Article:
Ah, the old “freedom of” not “freedom from” argument, too bad that commitment to freedom is a mile wide and only an inch deep. As the Green Bay Wisconsin Nativity battle proved, once people actually start demanding real “freedom of”, which means the inclusion of all religions and philosophical points of view on public lands, things start to go a bit haywire for those crusaders for “religious freedom”.

So while the  “you aren’t saying Christmas” boycotts have lost their sizzle, the battle over Christmas religious displays in the public square is still heating up. There are already a couple cases that look like they’re headed for the courts, and it seems like only a matter of time before a Wiccan or atheist decides they want a Winter display next to a Nativity on public land somewhere. Then we’ll get to really test the “religious freedom” resolve of the groups currently dressing up like Joseph and Mary on the Supreme Court’s steps.

A Few Quick Notes

Jason Pitzl-Waters —  November 17, 2009 — 3 Comments

I have some other stories of note to share with you today, starting with the sad news that actor Edward Woodward, 79, passed away yesterday due to complications from pneumonia. Woodward is well-known to many Pagan film lovers as “Christian copper” Sgt. Howie from the original cult-classic 1973 film “The Wicker Man” (and better-known to most Americans as the lead in the 1980s vigilante series “The Equalizer”).

Edward Woodward in "The Wicker Man"

At news of his passing, “Wicker Man” director Robin Hardy said that Woodward was “one of the greatest actors of his generation”, while co-star Sir Christopher Lee called him “a good friend and a splendid actor”. Matt Holmes at “Obsessed With Film” says that Woodward (as Sgt. Howie) committed the most memorable “gut-wrenching” on-screen death ever, while Pagan film reviewer Peg Aloi offers a touching farewell.

“Woodward is remembered by many of his colleagues as a kind, warm man who told wonderful stories, as well as being a consummate actor. His distinguished career will long be remembered. In particular, his role as Sergeant Howie in The Wicker Man will be remembered for its complexity, subtlety and power. Howie is a repressive, seemingly cold-mannered police officer who eventually reveals stunning emotional depth and passion. Woodward’s portrayal unfolds with delicious tension and suspense, as the film builds to its shocking ending.”

Here’s to you Mr. Woodward, thank you for your work, may you find peace across the veil.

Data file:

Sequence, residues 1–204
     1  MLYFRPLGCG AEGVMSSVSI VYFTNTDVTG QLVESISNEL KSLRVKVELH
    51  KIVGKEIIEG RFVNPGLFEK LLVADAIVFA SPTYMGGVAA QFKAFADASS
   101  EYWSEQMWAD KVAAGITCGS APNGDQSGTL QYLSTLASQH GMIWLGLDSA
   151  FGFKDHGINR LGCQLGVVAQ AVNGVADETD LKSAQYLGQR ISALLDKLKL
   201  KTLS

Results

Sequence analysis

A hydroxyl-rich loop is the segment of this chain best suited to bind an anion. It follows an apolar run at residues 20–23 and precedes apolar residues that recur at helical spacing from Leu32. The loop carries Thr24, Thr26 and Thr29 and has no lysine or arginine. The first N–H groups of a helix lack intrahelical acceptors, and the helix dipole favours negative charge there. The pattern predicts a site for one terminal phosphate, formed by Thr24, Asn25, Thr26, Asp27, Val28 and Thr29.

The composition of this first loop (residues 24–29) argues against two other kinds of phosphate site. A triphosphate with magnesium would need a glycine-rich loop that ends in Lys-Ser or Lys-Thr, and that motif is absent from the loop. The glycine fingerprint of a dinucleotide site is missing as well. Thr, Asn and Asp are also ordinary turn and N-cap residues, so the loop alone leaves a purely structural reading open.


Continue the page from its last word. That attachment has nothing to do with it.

Turning from the sad news of this passing, to the optimistic idea of deeper understanding and communication between faiths, we have an interesting editorial from the national Catholic weekly America. There, Catholic priest and Harvard professor Francis X. Clooney, S.J., who has argued in the past against “bland secularism” at Catholic colleges, favoring instead a “religiously diverse” campus, talks about his experiences teaching the class “Hindu Goddesses and the Blessed Virgin Mary”.

“The mix of the course is thus quite extraordinary: some wonderful Hindu and Christian texts read by a great group of students, as we discuss a wide range of issues about scripture, our images of God and humanity, and what to make of the varied religious experiences of the human race. Harvard is not the place wherein to reach single, definite conclusions about truth, but I think that this learning across religious boundaries does open us to truth, to Truth. By studying the traditions of the goddesses and Mary together, we understand both more clearly; those of us who are Catholic at Harvard find ourselves brought closer to devotion to Mary, who holds her own in every discussion. The goddesses too fare well, though each of us has to make up her or his own mind on how to appropriate these goddess traditions.”

Perhaps there’s room in this world for Mary and the goddesses? That seems to be at least partially the gist, he even recounts how a group of students sing hymns to both Mary and the goddesses before each class, and how both the Catholics and the goddess-worshipers have deepened their understanding and practice. To read more about Clooney’s work, you should read his essay “Interreligious Dialogue: Goddess in the Classroom”, and check out his book, “Divine Mother, Blessed Mother: Hindu Goddesses and the Virgin Mary”.

In a final “War on Christmas” note, it seems the American Family Assn. is issuing its yearly call to boycott The Gap for not saying “Christmas” even though the clothing chain’s silly wince-inducing holiday ad name-checks several yule-tide holidays, including “Christmas”, “Hanukka”, and “Solstice”.